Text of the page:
Hundreds of music lovers from around the world flocked to Saint Louis, Senegal this week to enjoy the city’s 30th annual jazz festival.

There were performances from nine main acts at the event, which held from June 2-5. Some of the more notable artistes were Senegalese griot Noumoucounda Cissoko and French-Martiniquais jazz bassist Sélène Saint-Aimé.

The festival, organised by the Saint Louis Jazz Association, is set amid a backdrop of colonial-style buildings. Horse-drawn carts transport locals and tourists around the city centre, located on a 2-km-long island.

“There is something very magical about jazz and something very nostalgic about Saint Louis,” said Marc Lucet, a jazz enthusiast who travelled from Nouakchott, Mauritania for the festival. “I think they come together very, very well.”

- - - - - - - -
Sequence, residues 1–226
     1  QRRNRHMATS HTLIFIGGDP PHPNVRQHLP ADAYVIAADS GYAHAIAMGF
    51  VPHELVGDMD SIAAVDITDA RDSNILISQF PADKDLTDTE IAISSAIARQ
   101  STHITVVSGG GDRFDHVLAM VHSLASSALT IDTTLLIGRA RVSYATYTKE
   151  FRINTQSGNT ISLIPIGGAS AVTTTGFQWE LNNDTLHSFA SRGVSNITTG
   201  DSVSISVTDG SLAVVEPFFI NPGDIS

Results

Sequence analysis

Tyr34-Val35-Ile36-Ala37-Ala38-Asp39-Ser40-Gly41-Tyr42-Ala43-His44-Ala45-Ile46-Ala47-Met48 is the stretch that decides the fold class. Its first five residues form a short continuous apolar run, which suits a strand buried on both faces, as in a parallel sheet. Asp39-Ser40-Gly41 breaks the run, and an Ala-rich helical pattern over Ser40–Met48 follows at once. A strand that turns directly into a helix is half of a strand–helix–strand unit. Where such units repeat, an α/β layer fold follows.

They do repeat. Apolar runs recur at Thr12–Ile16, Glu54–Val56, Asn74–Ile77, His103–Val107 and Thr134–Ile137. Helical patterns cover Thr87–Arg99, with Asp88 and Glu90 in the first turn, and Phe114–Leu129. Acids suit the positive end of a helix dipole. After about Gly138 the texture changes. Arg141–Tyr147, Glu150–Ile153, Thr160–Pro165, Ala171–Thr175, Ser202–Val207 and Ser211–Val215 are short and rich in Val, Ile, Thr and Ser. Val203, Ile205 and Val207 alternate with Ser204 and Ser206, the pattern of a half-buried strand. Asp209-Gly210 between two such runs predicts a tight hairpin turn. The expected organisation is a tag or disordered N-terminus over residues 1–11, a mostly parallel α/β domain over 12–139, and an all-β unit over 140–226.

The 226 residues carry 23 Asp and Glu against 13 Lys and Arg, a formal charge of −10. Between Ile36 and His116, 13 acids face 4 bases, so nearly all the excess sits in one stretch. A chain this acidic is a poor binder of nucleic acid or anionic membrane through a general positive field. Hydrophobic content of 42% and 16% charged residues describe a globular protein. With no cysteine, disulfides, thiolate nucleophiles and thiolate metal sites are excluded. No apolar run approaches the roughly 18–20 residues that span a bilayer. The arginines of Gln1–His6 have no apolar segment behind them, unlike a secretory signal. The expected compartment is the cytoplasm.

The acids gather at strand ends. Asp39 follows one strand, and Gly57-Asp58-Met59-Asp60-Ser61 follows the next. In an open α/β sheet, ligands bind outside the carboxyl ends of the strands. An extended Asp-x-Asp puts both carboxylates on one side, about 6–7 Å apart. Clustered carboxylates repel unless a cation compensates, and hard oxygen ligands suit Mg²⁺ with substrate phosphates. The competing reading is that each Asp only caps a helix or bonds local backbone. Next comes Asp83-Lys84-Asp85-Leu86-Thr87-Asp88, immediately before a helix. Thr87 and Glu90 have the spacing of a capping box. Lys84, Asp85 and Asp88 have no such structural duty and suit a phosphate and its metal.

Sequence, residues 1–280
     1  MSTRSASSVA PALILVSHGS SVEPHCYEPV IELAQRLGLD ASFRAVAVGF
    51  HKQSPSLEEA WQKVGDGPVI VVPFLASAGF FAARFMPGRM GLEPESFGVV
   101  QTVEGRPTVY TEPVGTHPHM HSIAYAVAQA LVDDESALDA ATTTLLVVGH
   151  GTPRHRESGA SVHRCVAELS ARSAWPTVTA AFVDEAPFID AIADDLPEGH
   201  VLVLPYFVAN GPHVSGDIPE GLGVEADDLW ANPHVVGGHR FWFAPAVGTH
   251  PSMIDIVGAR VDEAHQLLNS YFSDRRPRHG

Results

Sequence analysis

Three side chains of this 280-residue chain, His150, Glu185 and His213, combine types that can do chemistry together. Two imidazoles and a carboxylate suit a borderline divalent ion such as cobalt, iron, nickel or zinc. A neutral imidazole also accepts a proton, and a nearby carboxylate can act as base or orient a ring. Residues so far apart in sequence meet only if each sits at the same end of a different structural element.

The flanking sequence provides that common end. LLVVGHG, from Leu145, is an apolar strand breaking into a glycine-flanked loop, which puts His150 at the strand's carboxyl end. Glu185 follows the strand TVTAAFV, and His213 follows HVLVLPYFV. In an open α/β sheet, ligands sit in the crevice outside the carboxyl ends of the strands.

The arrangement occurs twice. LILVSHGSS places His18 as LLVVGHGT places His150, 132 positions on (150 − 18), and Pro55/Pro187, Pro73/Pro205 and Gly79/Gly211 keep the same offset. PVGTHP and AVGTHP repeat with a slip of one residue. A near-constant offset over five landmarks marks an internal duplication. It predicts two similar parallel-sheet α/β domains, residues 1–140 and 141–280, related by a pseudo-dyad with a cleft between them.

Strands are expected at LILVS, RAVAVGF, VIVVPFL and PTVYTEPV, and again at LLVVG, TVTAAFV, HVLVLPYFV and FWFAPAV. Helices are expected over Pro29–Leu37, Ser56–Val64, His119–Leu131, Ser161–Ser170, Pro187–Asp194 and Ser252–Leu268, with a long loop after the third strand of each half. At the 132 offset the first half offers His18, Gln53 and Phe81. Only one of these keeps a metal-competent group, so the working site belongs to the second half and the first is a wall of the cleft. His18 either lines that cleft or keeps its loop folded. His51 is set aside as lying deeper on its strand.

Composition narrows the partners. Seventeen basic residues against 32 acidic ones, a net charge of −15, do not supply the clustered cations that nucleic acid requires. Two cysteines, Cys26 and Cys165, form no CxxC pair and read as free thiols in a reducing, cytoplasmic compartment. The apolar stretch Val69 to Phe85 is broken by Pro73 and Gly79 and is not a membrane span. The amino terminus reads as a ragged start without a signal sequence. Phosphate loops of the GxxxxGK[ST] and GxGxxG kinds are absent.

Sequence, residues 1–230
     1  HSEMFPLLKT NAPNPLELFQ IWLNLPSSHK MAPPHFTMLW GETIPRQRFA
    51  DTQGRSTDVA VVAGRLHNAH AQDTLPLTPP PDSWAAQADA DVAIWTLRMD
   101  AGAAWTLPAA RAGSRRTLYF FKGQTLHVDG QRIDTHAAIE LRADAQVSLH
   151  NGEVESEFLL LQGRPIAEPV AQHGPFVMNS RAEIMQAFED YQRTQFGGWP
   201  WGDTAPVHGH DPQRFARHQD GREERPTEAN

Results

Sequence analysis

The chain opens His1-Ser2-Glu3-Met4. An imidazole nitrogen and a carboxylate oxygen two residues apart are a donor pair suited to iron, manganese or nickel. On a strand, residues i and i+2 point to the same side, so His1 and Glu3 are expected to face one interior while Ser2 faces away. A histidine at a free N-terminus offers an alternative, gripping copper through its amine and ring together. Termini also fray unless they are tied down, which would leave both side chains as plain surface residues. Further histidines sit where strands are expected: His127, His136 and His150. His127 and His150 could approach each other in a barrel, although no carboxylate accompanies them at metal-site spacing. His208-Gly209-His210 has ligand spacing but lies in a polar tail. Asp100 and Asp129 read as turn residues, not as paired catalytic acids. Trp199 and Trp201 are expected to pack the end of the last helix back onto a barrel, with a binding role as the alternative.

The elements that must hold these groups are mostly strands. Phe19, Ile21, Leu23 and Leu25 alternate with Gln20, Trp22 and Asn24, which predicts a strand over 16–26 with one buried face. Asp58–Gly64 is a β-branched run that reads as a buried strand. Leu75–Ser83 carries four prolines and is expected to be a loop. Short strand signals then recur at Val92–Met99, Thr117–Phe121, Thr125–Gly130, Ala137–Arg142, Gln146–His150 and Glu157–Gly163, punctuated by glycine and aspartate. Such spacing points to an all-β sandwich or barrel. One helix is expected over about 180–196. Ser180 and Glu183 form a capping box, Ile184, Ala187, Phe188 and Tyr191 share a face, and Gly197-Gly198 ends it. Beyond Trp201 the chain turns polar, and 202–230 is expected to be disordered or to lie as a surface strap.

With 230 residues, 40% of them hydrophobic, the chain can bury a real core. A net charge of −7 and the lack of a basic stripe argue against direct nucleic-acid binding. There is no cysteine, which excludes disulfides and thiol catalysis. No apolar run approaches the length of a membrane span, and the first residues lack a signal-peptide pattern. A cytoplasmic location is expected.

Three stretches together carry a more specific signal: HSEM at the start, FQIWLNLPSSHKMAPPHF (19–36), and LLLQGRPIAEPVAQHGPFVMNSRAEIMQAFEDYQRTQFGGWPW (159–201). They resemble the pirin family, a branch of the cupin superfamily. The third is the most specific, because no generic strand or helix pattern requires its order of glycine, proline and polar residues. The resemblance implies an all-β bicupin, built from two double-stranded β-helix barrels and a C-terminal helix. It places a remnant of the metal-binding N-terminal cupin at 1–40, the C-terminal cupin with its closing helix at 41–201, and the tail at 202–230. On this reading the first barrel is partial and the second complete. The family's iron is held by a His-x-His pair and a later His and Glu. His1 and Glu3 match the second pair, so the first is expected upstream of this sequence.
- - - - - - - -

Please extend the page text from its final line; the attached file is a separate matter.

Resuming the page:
When it comes to jazz, Lucet said, it’s all about improvisation.

The event features a unique style of jazz that combines the conventional guitar, piano and drums with traditional West African instruments such as the 22-string kora and the calabash, a percussion instrument made of dried gourds.

“It’s music that comes together when people come together, and we’re seeing this tonight – musicians from different continents and different walks of life who just met each other, coming together and playing together,” Lucet said.

The main event took place each evening at Place Blaya, a central outdoor venue, but live music and dancing continued into the early hours of the morning at a handful of local bars.

“The festival is about more than jazz – it’s about encounters, sharing and community,” said kora player Ablaye Cissoko, who has spent most of his life in Saint Louis. “It’s the heart of the city. It’s our heritage.”

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